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Title: Autobiographical writing and the representation of illness : a disability studies perspective on contemporary German literature (2007-2013)
Author: Schmidt, Nina
ISNI:       0000 0004 5990 4127
Awarding Body: University of Sheffield
Current Institution: University of Sheffield
Date of Award: 2016
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This thesis is motivated by a notable new wave – intensifying from 2007 onwards – of autobiographically inspired writing on illness/ disability, death and dying in the German-speaking world. By taking this writing seriously as literature, it examines how the authors of such personal narratives come to write of and negotiate their experiences between the poles of cliché and exceptionality, in text and in the wider public realm. Identifying shortcomings in the approaches hitherto displayed to texts that have arisen out of personal experiences with illness/ disability, the introduction makes methodological suggestions as to how to better read these new illness narratives from the stance of literary scholarship. The thesis goes on to demonstrate the value of a literary disability studies approach to autobiographical illness writing in its four main chapters, which present close readings of five examples of contemporary illness narratives, namely: Charlotte Roche’s Schoßgebete (2011), Kathrin Schmidt’s Du stirbst nicht (2009), Verena Stefan’s Fremdschläfer (2007), and – in the final, comparative chapter – Christoph Schlingensief’s So schön wie hier kanns im Himmel gar nicht sein! Tagebuch einer Krebserkrankung (2009) and Wolfgang Herrndorf’s Arbeit und Struktur (2010-2013). Each chapter analyses narrative strategies, aesthetic forms and experimentations with genre that can be observed in this kind of life writing. Its grounding in the field of disability studies gives the thesis an innovative perspective on each of the texts, and helps to identify gaps and contortions in the dominant readings of the analysed texts – readings which tend to disregard the illness experience at their centre or contest the texts’ literary quality. This thesis shows that when sharing their stories publicly with a wide audience, authors do so with a distinct awareness of the precarious subject position they take up in the public eye; a position they negotiate consciously and creatively in their literature. Writing the liminal experience of serious illness along the borders of genre(s), frequently moving between fictional and autobiographical modes, they carve out for themselves a space from which it becomes possible to speak up and share their personal story in the realm of literature, to political ends.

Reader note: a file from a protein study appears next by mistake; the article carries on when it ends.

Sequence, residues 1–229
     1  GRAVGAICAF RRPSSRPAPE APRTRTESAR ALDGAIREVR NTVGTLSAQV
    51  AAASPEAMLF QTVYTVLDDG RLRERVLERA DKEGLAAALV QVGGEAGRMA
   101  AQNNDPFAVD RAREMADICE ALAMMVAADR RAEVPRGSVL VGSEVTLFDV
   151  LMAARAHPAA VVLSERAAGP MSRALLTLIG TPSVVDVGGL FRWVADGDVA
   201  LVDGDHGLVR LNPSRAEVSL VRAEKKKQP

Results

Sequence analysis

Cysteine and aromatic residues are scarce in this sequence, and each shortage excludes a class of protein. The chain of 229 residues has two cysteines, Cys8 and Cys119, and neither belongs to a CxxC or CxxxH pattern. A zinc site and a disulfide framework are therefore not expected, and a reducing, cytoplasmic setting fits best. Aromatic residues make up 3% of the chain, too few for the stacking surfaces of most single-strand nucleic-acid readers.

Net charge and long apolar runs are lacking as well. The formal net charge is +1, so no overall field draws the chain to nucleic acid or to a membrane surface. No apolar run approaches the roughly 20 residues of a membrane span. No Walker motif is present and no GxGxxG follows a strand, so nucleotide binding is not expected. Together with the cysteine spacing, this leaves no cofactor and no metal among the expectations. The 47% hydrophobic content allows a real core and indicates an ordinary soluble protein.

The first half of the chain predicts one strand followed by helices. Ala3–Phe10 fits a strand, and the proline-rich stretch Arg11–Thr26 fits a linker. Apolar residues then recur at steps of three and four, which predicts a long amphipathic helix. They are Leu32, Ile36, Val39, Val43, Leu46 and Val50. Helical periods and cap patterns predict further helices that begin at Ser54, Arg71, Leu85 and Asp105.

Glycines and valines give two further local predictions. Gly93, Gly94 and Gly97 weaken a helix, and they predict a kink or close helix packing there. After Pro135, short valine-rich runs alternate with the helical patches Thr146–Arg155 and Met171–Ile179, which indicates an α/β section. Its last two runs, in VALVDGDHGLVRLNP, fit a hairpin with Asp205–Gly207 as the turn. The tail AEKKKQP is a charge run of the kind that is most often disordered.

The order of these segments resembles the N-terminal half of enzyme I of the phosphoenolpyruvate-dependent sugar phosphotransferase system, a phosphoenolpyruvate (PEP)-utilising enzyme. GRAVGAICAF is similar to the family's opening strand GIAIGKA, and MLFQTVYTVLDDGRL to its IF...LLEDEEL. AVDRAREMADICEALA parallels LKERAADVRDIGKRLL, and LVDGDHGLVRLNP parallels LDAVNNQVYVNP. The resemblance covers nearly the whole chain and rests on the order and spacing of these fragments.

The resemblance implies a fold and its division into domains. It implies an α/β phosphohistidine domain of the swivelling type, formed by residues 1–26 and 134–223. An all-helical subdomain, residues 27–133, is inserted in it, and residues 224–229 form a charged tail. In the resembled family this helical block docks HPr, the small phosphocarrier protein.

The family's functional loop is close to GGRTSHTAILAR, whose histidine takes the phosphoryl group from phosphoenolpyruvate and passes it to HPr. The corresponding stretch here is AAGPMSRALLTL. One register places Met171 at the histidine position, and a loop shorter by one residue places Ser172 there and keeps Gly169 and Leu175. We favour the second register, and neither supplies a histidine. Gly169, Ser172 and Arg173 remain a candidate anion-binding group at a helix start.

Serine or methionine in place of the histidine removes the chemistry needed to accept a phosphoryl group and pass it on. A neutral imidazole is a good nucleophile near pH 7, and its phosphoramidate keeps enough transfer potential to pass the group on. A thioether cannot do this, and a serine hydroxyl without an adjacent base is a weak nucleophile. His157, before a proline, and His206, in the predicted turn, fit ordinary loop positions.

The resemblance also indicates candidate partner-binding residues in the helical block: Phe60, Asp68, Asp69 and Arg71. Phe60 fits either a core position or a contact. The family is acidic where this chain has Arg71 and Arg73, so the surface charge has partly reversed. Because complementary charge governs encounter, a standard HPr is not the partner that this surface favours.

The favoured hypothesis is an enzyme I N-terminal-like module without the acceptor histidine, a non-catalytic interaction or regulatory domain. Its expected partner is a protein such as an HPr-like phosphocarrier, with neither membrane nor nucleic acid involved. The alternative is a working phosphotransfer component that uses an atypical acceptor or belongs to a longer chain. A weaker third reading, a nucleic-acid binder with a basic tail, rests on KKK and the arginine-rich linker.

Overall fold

Supervisor: Bland, Caroline ; Vice, Sue Sponsor: Not available
Qualification Name: Thesis (Ph.D.) Qualification Level: Doctoral
EThOS ID:  DOI: Not available